Egypt’s stock market shares have plunged by 22 billion Egyptian pounds, which is over $3bn, in Sunday trading as low oil prices dragged down regional economies.
Oil prices have shed nearly half their value since late June, including a four percent tumble on Friday that left benchmark US oil prices at $57.81 a barrel, their lowest level since May 2009, when the US was still in recession.
Stock broker Yasser Rashad said there was an immediate dip at the start of Sunday’s session over fears that share prices would continue to drop for the rest of the week.
Wael Ziada, head of research at regional investment giant EFG Hermes, said the drop was a knock-on effect caused by the steep decline in oil prices. The markets in Egypt and Gulf Arab countries “are correlated in terms of their performance because the investor base intersects.”
The benchmark EGX30 index closed 5.23 percent down, with 170 stocks declining and just five showing gains.
Relying on aid
Egypt is a net importer of oil products, therefore “we should benefit from the decline in oil prices,” Ziada said.
However, Egypt relies heavily on aid from Gulf countries to keep its economy afloat. Any net benefit for Egypt from the decline in oil prices hinges on the willingness of the nation’s main Gulf benefactors – Saudi Arabia, the United Arab Emirates and Kuwait – to continue to help Egypt despite their declining oil revenues. The three have pledged to continue to help Egypt’s ailing economy.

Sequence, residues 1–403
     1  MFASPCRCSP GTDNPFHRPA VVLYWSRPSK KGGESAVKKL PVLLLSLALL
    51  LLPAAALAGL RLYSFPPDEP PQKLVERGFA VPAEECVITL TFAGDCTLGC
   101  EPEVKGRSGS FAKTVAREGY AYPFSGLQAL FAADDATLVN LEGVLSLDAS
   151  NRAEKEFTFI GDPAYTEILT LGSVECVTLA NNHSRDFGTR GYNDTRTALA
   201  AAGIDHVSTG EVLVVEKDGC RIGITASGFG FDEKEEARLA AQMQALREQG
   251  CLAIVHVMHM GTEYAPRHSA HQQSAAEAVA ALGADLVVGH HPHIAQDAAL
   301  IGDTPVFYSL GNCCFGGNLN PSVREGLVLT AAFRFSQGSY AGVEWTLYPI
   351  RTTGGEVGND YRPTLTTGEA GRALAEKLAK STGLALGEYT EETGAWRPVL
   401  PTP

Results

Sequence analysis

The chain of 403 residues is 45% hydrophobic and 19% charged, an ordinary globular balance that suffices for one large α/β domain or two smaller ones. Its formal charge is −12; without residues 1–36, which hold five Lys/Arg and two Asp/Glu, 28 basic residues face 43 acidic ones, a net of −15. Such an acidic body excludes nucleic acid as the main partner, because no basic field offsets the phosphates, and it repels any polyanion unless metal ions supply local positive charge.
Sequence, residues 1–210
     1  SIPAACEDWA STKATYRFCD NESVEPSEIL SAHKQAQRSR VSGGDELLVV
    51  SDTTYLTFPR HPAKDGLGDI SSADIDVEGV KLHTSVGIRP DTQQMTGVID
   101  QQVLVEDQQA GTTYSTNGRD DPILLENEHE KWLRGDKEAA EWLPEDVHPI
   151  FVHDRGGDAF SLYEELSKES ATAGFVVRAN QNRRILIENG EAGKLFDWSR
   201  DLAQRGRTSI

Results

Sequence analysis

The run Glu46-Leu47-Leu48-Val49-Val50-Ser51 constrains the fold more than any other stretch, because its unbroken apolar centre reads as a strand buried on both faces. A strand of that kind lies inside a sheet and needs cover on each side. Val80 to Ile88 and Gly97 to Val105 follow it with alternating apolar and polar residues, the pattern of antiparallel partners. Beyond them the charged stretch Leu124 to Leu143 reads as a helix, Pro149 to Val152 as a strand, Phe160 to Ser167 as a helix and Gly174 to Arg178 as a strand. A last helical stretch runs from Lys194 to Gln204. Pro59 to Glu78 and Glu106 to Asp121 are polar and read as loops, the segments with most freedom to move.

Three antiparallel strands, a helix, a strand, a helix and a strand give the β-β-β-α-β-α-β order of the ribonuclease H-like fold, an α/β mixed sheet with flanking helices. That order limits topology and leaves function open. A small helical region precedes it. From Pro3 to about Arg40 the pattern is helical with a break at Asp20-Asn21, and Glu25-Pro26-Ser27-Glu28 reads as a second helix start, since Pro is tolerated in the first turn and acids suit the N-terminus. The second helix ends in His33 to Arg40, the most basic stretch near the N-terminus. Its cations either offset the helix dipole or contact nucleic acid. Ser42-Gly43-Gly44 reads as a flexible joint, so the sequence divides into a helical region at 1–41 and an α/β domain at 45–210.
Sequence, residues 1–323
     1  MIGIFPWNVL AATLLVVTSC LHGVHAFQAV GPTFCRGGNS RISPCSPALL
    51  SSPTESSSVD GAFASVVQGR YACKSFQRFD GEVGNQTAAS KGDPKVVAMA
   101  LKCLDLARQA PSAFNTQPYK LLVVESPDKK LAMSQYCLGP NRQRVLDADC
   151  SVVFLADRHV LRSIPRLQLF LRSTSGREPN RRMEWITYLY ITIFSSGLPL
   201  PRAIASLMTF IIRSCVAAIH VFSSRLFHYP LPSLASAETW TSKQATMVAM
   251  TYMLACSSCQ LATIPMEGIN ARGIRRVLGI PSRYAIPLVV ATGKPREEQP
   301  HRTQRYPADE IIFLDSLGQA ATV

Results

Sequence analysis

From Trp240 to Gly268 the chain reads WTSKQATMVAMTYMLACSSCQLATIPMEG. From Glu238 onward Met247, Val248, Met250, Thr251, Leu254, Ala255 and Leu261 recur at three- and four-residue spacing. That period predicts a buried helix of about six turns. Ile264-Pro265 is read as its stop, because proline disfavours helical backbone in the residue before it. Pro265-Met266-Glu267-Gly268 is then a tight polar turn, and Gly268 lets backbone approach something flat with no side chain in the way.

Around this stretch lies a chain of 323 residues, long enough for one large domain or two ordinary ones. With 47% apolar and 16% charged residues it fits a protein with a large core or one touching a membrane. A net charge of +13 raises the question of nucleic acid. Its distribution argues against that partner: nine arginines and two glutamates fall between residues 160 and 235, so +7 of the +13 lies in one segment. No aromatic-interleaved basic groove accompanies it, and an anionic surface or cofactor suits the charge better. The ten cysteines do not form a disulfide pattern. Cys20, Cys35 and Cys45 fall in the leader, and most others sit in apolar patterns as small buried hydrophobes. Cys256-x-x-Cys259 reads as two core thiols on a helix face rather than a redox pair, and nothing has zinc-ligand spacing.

The three oil-rich nations have pumped billions of dollars into Egypt’s emptying coffers since the overthrow last year of President Mohamed Morsi. The three view Morsi’s Muslim Brotherhood, an Islamist group, as a threat to their security.
A Bank of America Merrill Lynch Global Research report published last week said that “although GCC support may be somewhat less forthcoming at current oil prices, enough is likely to be provided to muddle through for now.”
Besides Saudi Arabia, Kuwait and the Emirates, the Gulf Cooperation Council also includes Bahrain, Qatar and Oman.
Last month, an International Monetary Fund official said that Egypt’s economy had begun to recover after nearly four years of political turmoil.